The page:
Only I’d like to know what your father things about heaven — he CAN think — rarest thing in the world — a person who can think.
Reading Rainbow Valley reminded me a bit of reading the Oz books. Around this same point in the series, Dorothy and Toto were almost lost to obscurity. Books 8 and 9, Tik-Tok of Oz and The Scarecrow of Oz are both texts where Dorothy is a side character if that. In Anne of Ingleside, Anne Blythe herself was becoming a side character in her own story as her kids were growing into this space. This makes sense; there needs to be a passing of the torch as Anne grows older to keep the reading level the same. However, in Rainbow Valley, the story is focused almost entirely on the Meredith children. The Blythe children are a side note in their own series here! In fact, I think we see more of Anne Blythe than her kids throughout the novel.
It is never quite safe to think we have done with life.
Don’t get me wrong; this isn’t a bad thing. I found myself consistently amused by the Meredith children. They have a very different set of life circumstances compared to the Blythes. This made for a refreshing and new set of mini adventures. I just found myself consistently waiting for the moment when Montgomery will tie the Blythe children closely back into the story. Well, it turns out I was waiting for something which never happened. This led me to be distracted and disengaged waiting for a moment which was never to arrive. This certainly disinterested me and put me in a bit of a reading slump.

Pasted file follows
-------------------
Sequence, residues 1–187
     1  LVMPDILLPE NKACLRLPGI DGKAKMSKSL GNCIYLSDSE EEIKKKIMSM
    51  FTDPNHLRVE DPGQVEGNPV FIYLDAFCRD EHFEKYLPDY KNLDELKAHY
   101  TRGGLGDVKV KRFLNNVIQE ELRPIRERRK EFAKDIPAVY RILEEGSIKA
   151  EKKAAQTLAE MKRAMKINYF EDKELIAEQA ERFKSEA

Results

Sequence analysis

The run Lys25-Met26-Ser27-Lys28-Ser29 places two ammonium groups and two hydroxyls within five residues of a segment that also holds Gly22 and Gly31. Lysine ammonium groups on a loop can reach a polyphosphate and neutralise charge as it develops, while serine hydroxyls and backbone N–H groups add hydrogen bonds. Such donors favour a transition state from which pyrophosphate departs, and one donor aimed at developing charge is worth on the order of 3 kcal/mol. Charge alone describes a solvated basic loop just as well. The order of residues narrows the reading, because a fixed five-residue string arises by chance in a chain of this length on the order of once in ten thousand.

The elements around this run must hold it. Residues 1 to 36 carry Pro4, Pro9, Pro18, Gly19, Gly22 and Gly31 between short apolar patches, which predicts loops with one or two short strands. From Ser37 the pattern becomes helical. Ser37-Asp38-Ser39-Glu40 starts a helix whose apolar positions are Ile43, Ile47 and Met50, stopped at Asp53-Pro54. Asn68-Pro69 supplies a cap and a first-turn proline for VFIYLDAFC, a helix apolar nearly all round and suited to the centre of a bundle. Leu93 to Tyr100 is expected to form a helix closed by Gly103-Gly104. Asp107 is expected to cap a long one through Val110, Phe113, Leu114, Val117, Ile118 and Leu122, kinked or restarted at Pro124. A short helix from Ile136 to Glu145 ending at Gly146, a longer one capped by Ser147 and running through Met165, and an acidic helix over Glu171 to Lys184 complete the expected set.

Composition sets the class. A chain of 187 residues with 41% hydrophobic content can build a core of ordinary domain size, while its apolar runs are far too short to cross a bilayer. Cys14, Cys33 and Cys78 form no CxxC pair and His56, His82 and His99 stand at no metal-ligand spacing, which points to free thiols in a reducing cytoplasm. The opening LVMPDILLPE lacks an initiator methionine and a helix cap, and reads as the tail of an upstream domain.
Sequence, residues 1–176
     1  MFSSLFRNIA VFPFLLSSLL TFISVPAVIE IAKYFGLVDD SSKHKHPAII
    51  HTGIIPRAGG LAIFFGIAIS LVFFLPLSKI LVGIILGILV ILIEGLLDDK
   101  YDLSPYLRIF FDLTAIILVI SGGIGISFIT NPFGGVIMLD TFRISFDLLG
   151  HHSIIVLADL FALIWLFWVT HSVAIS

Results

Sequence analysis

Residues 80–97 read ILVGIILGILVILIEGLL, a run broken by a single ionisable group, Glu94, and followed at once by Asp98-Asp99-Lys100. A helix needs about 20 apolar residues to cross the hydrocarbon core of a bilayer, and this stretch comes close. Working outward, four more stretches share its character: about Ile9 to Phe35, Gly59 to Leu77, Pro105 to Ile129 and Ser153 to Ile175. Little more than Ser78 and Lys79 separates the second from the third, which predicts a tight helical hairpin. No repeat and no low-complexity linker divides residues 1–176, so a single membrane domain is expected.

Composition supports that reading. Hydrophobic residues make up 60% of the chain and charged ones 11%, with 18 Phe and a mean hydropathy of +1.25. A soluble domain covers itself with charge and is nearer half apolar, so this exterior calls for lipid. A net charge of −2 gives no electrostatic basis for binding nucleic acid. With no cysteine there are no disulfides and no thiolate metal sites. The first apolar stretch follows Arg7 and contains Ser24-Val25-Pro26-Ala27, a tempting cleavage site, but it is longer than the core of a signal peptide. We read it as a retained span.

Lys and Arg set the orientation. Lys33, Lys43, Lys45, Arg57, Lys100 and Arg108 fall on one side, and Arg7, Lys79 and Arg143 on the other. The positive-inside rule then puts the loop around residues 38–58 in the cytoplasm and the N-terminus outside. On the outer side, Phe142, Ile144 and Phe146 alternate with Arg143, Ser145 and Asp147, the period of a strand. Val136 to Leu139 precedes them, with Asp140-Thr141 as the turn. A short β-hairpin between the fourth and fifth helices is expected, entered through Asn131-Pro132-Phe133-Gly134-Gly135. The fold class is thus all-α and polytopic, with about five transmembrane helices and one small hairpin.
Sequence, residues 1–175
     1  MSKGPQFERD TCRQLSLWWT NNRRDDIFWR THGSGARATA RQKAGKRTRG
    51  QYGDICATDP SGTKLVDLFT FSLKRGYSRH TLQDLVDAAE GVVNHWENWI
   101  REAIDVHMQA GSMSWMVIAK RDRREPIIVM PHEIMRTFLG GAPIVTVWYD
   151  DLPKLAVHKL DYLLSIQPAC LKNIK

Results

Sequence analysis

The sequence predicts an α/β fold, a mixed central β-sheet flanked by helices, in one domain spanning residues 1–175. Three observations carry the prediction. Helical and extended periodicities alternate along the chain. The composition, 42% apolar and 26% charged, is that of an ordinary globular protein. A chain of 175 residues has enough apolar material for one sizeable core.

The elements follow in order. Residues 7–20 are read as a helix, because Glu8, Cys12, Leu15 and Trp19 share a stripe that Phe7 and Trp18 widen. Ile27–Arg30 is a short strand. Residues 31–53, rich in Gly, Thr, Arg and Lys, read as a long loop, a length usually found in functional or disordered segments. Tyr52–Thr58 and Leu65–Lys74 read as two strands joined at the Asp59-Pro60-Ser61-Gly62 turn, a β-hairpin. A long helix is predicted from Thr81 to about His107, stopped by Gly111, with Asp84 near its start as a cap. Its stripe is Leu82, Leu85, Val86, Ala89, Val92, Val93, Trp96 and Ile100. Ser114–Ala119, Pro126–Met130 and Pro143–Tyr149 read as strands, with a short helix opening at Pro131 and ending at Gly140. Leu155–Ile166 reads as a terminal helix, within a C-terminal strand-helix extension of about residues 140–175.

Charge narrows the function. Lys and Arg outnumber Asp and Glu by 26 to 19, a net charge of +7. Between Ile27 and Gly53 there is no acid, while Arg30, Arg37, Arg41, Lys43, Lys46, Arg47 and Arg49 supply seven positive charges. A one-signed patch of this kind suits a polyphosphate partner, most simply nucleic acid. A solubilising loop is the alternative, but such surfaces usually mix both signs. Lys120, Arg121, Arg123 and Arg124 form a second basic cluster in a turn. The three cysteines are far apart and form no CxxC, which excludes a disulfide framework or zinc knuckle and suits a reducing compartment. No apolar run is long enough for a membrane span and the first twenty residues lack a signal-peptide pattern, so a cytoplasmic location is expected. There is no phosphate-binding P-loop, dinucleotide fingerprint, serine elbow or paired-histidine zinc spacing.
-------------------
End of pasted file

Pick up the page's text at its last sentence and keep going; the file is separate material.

“Well, anyway, Adam is dead and I am NEVER going to love anything again.”
“Don’t say that, dear. We miss so much out of life if we don’t love. The more we love the richer life is – even if it is only some little furry or feathery pet.”
My personal belief is that by this point in her writing, Montgomery was a bit tired of the Blythe family. While this is the 7th book chronologically, this is the 5th book out of 8 which are published in this series. Rainbow Valley was published in 1919. Rilla of Ingleside, the 8th book in the series follows closely in 1921, but books 4 and 6 are published in 1936 and 1939 respectively. Reading Rainbow Valley feels a bit like reading an original novel set in the same universe the Blythe family exists in. This bait and switch left me wanting.
I will say, the book ends with some powerful foreshadowing of the impending Great War. While Rainbow Valley did put me in a bit of a reading slump, I am quite intrigued to start reading Rilla of Ingleside immediately!
“Let the Piper come and welcome,” he cried, waving his hand, “I’ll follow him gladly round and round the world.”
The stories of the Meredith children are certainly fun and refreshing. While my own personal reading was a bit distracted, I hope that if you pick up this book someday you’ll know what you’re getting into. Perhaps with the understanding that the Blythes take a backseat in this book, you’ll enjoy it more than I did! I am sure upon a re-read, now knowing what I am getting into, I’ll really enjoy Rainbow Valley.
What do you think?
- Have you read Rainbow Valley? What do you think of this novel?
- What books have you read which leave you wanting more? Why do they make you feel this way?
- Have you ever read a book and felt baited and switched? What book made you feel this way? Why?